Wednesday, 25 April 2012

Hidden Nature

A week on Saturday, May 5th, I'm running a poetry workshop - Hidden Nature - at Attenborough Nature Reserve, just outside Nottingham, in conjunction with Nottingham Writers' Studio. It starts at 10.30am and runs until 4.30pm.

We'll attempt to translate birdsong into poetry, track down long-distance travellers in transit, turn the tables by watching the birdwatchers, and make maps of our experiences. The morning will be spent out on the reserve (which should be full of migrant birds at this time of year), and the afternoon in the comfort of the new visitor centre.

If you don't know Attenborough, it's a great reserve created out of gravel pits next to the River Trent. Although there's still a working quarry on site, it's got a great record of attracting interesting birds, especially migrants on passage.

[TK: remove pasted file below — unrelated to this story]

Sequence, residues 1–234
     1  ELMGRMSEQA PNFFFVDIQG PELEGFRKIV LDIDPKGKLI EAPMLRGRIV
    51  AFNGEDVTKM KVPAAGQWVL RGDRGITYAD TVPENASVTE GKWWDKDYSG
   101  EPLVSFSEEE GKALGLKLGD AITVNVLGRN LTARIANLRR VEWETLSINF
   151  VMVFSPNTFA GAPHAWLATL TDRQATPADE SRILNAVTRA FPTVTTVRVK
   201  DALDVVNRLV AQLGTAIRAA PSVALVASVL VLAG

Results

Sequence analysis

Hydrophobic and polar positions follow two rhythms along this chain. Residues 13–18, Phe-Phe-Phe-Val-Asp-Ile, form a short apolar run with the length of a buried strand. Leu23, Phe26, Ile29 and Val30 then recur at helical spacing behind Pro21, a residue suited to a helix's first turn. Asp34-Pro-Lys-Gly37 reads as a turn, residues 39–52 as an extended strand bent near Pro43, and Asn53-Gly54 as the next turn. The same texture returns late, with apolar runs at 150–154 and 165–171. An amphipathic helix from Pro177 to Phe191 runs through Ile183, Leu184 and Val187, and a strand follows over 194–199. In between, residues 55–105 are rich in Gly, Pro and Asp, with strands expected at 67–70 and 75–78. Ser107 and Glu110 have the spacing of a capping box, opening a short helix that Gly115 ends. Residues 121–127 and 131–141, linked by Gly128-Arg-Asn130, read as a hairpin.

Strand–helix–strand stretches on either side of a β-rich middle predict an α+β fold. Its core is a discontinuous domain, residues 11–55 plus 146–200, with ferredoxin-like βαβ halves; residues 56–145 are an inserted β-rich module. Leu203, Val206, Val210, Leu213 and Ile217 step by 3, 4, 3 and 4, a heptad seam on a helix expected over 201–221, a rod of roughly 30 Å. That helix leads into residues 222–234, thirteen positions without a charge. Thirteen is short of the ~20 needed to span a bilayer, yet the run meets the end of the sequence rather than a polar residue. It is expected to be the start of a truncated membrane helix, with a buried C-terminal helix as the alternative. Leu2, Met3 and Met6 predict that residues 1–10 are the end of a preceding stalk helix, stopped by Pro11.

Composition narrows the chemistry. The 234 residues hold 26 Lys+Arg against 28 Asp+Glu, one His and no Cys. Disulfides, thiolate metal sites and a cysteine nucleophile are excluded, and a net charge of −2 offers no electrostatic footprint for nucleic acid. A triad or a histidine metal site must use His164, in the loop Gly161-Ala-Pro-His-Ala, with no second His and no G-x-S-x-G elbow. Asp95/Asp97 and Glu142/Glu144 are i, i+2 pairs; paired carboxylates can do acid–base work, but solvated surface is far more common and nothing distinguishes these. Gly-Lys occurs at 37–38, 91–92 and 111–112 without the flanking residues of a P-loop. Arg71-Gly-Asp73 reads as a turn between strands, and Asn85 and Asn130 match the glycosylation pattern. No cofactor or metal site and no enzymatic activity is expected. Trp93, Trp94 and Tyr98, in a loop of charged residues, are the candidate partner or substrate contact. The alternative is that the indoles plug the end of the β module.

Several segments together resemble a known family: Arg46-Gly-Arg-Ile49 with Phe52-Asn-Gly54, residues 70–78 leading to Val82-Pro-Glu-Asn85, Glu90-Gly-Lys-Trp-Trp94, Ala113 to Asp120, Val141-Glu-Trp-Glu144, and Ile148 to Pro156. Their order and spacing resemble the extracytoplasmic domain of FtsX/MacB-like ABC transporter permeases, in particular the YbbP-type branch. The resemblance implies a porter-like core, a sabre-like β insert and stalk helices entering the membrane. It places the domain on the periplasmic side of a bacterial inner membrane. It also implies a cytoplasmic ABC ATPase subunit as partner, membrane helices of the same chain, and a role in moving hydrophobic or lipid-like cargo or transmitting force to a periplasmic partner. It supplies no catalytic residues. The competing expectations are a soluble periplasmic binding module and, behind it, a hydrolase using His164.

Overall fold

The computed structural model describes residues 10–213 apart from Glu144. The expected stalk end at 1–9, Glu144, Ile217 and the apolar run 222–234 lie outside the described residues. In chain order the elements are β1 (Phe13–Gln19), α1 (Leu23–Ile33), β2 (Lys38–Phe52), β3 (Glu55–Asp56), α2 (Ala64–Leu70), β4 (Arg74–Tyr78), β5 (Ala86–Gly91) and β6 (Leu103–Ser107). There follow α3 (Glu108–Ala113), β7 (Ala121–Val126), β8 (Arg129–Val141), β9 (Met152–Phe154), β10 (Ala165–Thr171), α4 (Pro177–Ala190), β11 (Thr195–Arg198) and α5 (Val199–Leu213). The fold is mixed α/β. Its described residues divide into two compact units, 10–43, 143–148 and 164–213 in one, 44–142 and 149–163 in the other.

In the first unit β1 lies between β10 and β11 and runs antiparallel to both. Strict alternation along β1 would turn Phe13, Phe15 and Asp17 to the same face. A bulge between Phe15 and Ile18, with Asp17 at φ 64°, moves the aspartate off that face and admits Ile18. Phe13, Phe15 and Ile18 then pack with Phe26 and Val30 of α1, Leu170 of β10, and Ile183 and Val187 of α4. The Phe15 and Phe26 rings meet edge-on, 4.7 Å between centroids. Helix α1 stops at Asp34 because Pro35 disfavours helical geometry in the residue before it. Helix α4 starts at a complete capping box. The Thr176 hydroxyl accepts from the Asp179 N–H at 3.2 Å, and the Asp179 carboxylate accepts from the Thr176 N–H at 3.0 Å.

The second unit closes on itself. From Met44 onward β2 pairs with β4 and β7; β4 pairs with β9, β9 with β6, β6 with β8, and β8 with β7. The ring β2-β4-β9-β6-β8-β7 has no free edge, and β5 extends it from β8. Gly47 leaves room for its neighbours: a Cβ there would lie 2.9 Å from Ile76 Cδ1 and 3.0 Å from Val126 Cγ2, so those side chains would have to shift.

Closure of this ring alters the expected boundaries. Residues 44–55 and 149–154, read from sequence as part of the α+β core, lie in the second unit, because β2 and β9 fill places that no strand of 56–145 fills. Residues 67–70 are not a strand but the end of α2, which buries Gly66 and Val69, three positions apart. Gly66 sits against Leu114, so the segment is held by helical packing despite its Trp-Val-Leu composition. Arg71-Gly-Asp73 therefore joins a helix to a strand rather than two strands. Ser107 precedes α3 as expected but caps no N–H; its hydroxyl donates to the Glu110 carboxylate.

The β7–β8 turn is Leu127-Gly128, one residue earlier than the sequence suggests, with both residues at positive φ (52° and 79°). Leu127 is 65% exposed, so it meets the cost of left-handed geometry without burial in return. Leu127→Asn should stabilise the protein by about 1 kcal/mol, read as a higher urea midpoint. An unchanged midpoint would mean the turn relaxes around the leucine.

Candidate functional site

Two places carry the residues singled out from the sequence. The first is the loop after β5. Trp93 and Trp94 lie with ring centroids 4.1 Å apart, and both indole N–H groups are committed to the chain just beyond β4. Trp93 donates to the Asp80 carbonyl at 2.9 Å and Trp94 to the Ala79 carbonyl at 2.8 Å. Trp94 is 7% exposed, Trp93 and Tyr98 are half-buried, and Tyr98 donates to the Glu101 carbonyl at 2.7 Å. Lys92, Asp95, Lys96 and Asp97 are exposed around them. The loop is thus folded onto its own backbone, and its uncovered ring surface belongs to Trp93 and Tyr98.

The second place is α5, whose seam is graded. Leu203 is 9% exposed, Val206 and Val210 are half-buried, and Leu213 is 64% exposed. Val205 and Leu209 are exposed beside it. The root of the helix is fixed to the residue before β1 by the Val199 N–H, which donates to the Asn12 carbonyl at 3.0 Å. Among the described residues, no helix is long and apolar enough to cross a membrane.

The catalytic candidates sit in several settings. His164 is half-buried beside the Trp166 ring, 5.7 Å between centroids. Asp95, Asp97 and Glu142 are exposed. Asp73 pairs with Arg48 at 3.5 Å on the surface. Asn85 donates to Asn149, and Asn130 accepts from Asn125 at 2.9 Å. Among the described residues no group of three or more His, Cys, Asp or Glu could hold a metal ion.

You don’t need any previous experience of watching wildlife - the emphasis will be formly on writing, rather than rarities. Just bring a pen, paper, bags of energy, and a pair of binoculars if you have them (don't worry if you haven't, I'll have some spares available to borrow).

Price is £55, £40 for NWS members. To book, download a form using the link here, or call 0115 959 7947. Lunch is available at the Visitor Centre cafe. More details on other NWS workshops, courses and events can also be found here.

Poetry and prizes

There's a good article here, in the Fortnightly Review, about prizes in poetry. I haven't really got time at the moment to get any coherent thoughts about it down, but I think I agree with the central thrust of Peter Riley's argument. It's not that I object to some poets or books being singled out as better than others - clearly they are - it's what Riley calls the "culture of the superlative" that starts to put my back up. I'm not entirely sure John Burnside is the best example to choose, but I'll have to give it some though, and return to it when I've got a few minutes.

Monday, 23 April 2012

Cold comfort